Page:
2013 23rd Annual Conference: Evaluation summary

2013 23rd Annual Conference: Evaluation summary by EURASHE, Version 2013, EURASHE_AC_Split_130509-10_evaluation_summary.pdf (0.5 MB)

2013 23rd Annual Conference: Portfolio

2013 23rd Annual Conference: Portfolio by EURASHE, Version 2013, EURASHE_AC_Split_130509-10_portfolio.pdf (1.8 MB)

2013 23rd Annual Conference: Programme

2013 23rd Annual Conference: Programme by EURASHE, Version 2013, EURASHE_AC_Split_130509-10_programme.pdf (0.6 MB)

2013 23rd Annual Conference: Rationale

2013 23rd Annual Conference: Rationale by EURASHE, Version 2013, EURASHE_AC_Split_130509-10_Rationale.pdf (0.5 MB)

2013 23rd Annual Conference: Report – Higher Education – Making the Knowledge Triangle Work

2013 23rd Annual Conference: Report - Higher Education - Making the Knowledge Triangle Work by Richard Thorn, Version 2013, EURASHE_AC_Split_130509-10_report.pdf (10.6 MB) - Although making the knowledge triangle work is a journey rather than a state that can be definitively achieved it is clear that at a philosophical level our understanding of the policy is clear and well understood.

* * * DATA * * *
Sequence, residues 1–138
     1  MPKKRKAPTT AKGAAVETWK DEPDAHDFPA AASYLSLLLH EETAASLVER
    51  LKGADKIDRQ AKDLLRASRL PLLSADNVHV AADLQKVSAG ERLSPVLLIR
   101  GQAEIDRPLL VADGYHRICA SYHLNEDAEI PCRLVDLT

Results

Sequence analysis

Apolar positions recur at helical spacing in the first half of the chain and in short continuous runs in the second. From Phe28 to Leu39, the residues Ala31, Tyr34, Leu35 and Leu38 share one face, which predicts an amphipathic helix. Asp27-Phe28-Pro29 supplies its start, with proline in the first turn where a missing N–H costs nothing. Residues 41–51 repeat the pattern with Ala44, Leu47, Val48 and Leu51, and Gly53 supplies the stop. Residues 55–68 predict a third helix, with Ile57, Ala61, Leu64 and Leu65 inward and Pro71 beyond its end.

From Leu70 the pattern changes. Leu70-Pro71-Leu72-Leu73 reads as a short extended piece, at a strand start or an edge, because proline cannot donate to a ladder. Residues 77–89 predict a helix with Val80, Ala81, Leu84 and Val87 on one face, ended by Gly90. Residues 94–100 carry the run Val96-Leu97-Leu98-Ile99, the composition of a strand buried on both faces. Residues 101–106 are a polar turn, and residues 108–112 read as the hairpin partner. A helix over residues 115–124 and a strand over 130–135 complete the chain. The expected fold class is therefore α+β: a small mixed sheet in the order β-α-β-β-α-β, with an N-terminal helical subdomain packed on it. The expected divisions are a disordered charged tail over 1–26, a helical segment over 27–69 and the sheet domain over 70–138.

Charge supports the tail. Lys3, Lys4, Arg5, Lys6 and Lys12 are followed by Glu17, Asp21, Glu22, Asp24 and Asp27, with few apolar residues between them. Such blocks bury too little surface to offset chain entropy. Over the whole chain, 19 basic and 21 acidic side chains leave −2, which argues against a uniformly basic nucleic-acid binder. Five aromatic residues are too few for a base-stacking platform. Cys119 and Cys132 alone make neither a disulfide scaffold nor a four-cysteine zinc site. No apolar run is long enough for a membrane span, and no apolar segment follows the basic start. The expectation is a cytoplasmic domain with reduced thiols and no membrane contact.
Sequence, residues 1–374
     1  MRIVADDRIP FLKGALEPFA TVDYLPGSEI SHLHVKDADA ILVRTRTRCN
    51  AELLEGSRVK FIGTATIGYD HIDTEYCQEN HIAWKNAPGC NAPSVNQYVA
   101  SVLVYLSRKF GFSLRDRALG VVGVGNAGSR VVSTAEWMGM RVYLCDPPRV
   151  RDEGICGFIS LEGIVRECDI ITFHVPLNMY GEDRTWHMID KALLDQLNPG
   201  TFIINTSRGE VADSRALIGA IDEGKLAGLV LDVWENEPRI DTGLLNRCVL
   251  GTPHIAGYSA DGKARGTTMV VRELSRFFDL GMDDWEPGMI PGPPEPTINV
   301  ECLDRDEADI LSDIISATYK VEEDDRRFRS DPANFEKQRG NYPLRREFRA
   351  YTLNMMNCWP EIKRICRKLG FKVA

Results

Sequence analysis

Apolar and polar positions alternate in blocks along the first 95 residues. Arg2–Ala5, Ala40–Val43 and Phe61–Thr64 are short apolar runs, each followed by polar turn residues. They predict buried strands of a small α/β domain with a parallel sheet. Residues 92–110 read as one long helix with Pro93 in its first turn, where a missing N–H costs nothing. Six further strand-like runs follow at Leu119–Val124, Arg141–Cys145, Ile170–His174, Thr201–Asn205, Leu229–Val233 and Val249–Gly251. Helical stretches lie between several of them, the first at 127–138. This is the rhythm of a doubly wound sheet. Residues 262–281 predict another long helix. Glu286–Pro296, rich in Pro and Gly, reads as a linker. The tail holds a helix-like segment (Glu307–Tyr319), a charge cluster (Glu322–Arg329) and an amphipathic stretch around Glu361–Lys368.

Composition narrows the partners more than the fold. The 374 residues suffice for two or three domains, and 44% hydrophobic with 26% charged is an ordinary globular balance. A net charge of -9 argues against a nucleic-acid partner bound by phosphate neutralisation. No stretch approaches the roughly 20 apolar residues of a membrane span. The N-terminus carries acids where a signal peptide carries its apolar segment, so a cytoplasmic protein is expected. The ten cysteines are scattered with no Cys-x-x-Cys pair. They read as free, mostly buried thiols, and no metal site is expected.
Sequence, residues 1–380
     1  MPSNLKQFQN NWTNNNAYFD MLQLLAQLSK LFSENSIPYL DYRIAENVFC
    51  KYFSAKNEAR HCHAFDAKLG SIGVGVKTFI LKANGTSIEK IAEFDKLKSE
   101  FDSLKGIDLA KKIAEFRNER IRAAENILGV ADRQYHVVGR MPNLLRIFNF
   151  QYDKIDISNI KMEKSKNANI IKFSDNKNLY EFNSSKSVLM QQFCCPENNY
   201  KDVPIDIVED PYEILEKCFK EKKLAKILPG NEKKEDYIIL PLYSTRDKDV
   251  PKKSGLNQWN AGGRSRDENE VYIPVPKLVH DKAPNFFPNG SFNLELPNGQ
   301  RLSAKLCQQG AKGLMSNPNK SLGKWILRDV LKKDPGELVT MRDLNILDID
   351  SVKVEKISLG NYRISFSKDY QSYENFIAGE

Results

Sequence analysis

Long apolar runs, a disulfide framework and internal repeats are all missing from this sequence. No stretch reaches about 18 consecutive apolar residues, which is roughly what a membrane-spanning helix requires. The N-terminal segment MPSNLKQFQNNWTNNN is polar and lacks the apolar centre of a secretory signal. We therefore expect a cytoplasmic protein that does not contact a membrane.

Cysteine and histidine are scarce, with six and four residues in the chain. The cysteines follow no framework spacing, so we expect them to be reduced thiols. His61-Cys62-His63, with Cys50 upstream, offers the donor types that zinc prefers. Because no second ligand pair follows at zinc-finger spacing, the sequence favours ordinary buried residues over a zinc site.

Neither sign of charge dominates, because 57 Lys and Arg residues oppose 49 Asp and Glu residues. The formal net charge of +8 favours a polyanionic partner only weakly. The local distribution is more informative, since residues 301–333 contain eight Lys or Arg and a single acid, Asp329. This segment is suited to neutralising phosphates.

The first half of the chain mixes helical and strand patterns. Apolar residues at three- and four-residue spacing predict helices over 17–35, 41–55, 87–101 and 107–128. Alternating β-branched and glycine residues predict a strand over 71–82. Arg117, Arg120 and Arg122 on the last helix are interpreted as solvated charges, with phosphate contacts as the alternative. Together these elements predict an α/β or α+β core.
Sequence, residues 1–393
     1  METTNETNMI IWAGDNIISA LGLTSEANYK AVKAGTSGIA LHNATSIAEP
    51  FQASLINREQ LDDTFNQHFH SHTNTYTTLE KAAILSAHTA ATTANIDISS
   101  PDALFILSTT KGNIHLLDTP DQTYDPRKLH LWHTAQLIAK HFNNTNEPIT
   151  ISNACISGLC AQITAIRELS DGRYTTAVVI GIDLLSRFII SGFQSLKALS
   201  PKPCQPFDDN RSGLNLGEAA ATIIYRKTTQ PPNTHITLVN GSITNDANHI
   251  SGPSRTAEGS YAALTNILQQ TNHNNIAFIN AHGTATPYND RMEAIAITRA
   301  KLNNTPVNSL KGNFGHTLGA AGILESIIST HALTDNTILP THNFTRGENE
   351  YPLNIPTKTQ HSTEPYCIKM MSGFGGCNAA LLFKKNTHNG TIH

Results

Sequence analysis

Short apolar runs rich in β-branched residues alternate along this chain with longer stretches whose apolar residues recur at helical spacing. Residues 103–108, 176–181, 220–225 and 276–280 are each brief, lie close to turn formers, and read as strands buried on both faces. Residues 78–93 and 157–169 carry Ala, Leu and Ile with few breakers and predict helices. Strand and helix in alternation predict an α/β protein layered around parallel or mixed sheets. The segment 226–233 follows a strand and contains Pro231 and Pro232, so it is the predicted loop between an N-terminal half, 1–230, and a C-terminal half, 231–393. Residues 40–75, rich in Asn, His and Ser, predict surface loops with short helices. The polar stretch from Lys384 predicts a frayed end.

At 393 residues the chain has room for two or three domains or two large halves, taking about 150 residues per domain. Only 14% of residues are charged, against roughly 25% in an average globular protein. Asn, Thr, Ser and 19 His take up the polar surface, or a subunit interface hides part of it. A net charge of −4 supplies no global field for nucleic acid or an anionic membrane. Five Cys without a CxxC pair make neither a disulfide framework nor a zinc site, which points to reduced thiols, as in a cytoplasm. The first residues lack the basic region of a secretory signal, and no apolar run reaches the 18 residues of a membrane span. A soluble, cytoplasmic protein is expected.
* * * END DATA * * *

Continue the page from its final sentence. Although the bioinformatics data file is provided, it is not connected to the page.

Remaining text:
What is not so clear is how, at an institution level, actions can be put in place that will give effect to the policy. Changes in pedagogical practices to ensure a more prominent role for work-based learning, recognition of prior learning, internship programmes, sandwich courses, problem-based learning and learning outcomes focused learning, inter alia, are clearly part of the
response needed from HEIs.
Likewise, much of the dialogue between HEIs and employers appears to be a dialogue based on a common language but not a shared understanding of the issues if the results of employer soundings on the matter are to be believed.
Whilst these matters offer significant opportunity for PHEIs to increase their visibility within higher education there is clear evidence that more traditional HEIs are reinventing themselves whilst new types of institutions are emerging and that PHEIs will also have to reinvent themselves, their offerings and the way in which programmes are developed and delivered.